Think you have these Toronto Maple Leafs figured out? That puts you in a minority. The Leafs have been a team that has been all over the map for the first quarter of the season and will likely do the same for the following three quarters.
Even when the Toronto Maple Leafs do something right, they find a way to mess it up. On a day when people should be talking about how they put the brakes on a three-game losing streak with an impressive win, the narrative will surround how a bunch of pampered millionaires stuck it to the paying public.
Here’s what happened. On the heels of perhaps the most negative scrutiny they’ve faced from their fan base all season – including a fan throwing a Maple Leafs sweater on the ice during a 9-2 loss to the Nashville Predators Tuesday night, the Maple Leafs had an inspired effort, one of their best of the season, and defeated the Tampa Bay Lightning Thursday night.
Like every other team around the league, the Leafs have adopted the post-win ritual of saluting their fans by skating to center ice and raising their sticks. But after the Tampa win, they did not do it, a move that was first noticed by Chris Johnston of Rogers Sportsnet. It was suggested by commentators that “one or two players” directed the team off the ice after the win.
There will now be all sorts of speculation over what the Leafs intentions were by doing this. But make no mistake. They were sending their fans a clear message. And what makes it so troubling is that if this message was not orchestrated by the team’s leadership group, it was endorsed by the leadership group. And that is indeed troubling.
Aided by their front-office superiors, the Leafs have allowed themselves to adopt this notion that playing in Toronto is some kind of burden that has to be endured. The scrutiny is so intense, the media are a bunch of jackals, the fans are too demanding. And they use it as a crutch, conveniently forgetting the fact that there are a whole bunch of professional teams in North America and Europe who face even a higher level of scrutiny and still manage to win championships occasionally.
To wit: James van Riemsdyk, who played one of his better games after generating no more than a handful of scoring chances in the previous two. “When things aren’t going well in this city, you’ve got a lot of overanalyzing going on,” he said. Seriously? You lose two games by a combined score of 15-4 and people are overanalyzing?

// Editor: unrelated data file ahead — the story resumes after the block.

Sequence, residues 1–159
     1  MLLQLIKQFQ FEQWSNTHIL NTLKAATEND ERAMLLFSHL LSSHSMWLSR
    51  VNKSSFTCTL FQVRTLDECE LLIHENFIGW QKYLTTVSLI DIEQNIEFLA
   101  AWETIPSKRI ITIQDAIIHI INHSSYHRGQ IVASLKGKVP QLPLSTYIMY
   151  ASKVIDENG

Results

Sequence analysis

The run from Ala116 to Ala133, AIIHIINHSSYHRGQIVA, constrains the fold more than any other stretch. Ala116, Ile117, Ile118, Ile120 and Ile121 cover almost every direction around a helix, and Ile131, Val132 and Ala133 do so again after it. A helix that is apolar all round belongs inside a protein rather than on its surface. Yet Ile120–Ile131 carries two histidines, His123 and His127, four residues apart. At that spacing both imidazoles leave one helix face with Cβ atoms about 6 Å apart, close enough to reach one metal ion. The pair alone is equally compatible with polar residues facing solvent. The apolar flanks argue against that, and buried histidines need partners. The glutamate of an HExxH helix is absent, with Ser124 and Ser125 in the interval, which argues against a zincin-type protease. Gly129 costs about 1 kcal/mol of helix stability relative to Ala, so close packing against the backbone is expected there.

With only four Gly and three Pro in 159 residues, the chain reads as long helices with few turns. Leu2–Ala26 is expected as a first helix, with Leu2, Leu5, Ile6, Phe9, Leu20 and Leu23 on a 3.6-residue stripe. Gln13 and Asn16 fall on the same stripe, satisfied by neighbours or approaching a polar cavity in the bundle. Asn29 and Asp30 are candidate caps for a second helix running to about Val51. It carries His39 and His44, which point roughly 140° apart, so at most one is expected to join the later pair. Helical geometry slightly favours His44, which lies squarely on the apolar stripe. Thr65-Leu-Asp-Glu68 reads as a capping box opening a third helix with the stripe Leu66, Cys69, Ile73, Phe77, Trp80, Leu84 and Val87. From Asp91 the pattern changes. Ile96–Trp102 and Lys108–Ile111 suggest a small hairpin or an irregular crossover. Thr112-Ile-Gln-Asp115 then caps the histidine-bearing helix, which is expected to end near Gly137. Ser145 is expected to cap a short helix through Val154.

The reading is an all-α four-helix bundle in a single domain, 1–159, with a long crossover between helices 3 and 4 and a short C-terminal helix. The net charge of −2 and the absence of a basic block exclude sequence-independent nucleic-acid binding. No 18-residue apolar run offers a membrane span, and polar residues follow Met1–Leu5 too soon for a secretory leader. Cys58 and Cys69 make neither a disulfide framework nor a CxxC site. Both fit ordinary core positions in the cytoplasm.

By doing what the Leafs did, they’ve portrayed themselves as a bunch of overpaid whiners who take their puck and go home when the criticism gets a little too personal. And if you’re looking for a reason why this team never wins, perhaps it’s the lack of intestinal fortitude in its players that’s the root reason, not the fact that they face such unreasonable working conditions.
The leaders on this team, the guys with six and eight years left on their contracts, are going to have some explaining to do for this. Because it’s one thing to play terribly in front of your fans. It’s quite another to stick it to them the way the Leafs did Thursday night.
On the ice, depending upon how you do your math, the Maple Leafs have reached the one-quarter mark of their season. The exact one-quarter point will occur halfway through their game Saturday night against the Detroit Red Wings, but you get the point.
The main thing is that after 20 games of the 2014-15 season, the Maple Leafs have finally established their identity. And that is…hmmm. That’s a tough one.
Some nights, such as Thursday night when they beat the Tampa Bay Lightning 5-2, they’re not going to turn the puck over too often in bad areas. They’re going to be effective on the forecheck, have a lot of offensive zone time and their defensemen are going to have excellent gap control in the neutral zone. And other nights, they won’t get any of those things.
Some nights Tyler Bozak is going to win 70 percent of his faceoffs and badly outplay Steven Stamkos. Other nights, not so much. Some nights van Riemsdyk is going to score twice and direct nine shots at the opponents’ net and register three hits and others he’s going to be invisible.
Do not, repeat, do not expect this to change. To expect the Leafs to suddenly become a contender, even in the Eastern Conference, would be unreasonable. The Leafs are what a lot of people call a 7-11 team, one that could finish anywhere from seventh to out of the playoffs. At 10-8-2, the Leafs are not as good as they looked Thursday night. Nor are they as bad as they were in a 6-2 loss to the worst team in the league, followed by a 9-2 drubbing at home to the Nashville Predators.
So when the Leafs hit the ice Saturday night at home against Detroit, are they going to do so as a hungry bunch eager to build on one of their better efforts of the season? Or will they display the self-satisfaction they have so many times before and play like a team that is far too impressed with itself? Good luck trying to predict that one.
“We’d love to be able to be more consistent for sure,” said Leafs coach Randy Carlyle. “Tonight was hopefully a starting point for us. By no means do we thing we’re over the hump. Our preparation starts now for Saturday.”
Noble words to be sure. But they’re only words. This team has had many of them this season. Not until this team begins playing with some semblance of consistency is it going to silence its doubters. And since it can’t seem to do that, the doubters will be there all season.
Give the Leafs credit, though. Playing with a 1-0 lead late in the first period and coming off a 51-second span in which they had a 5-on-3 power play, the Leafs gave up a shorthanded goal. That could have sunk them, but instead they came out like men possessed in the second period. After the game, Carlyle was asked whether that shorthanded goal was a here-we-go-again moment.
“There were a few more words than here we go again,” Carlyle said. “It was not polite.”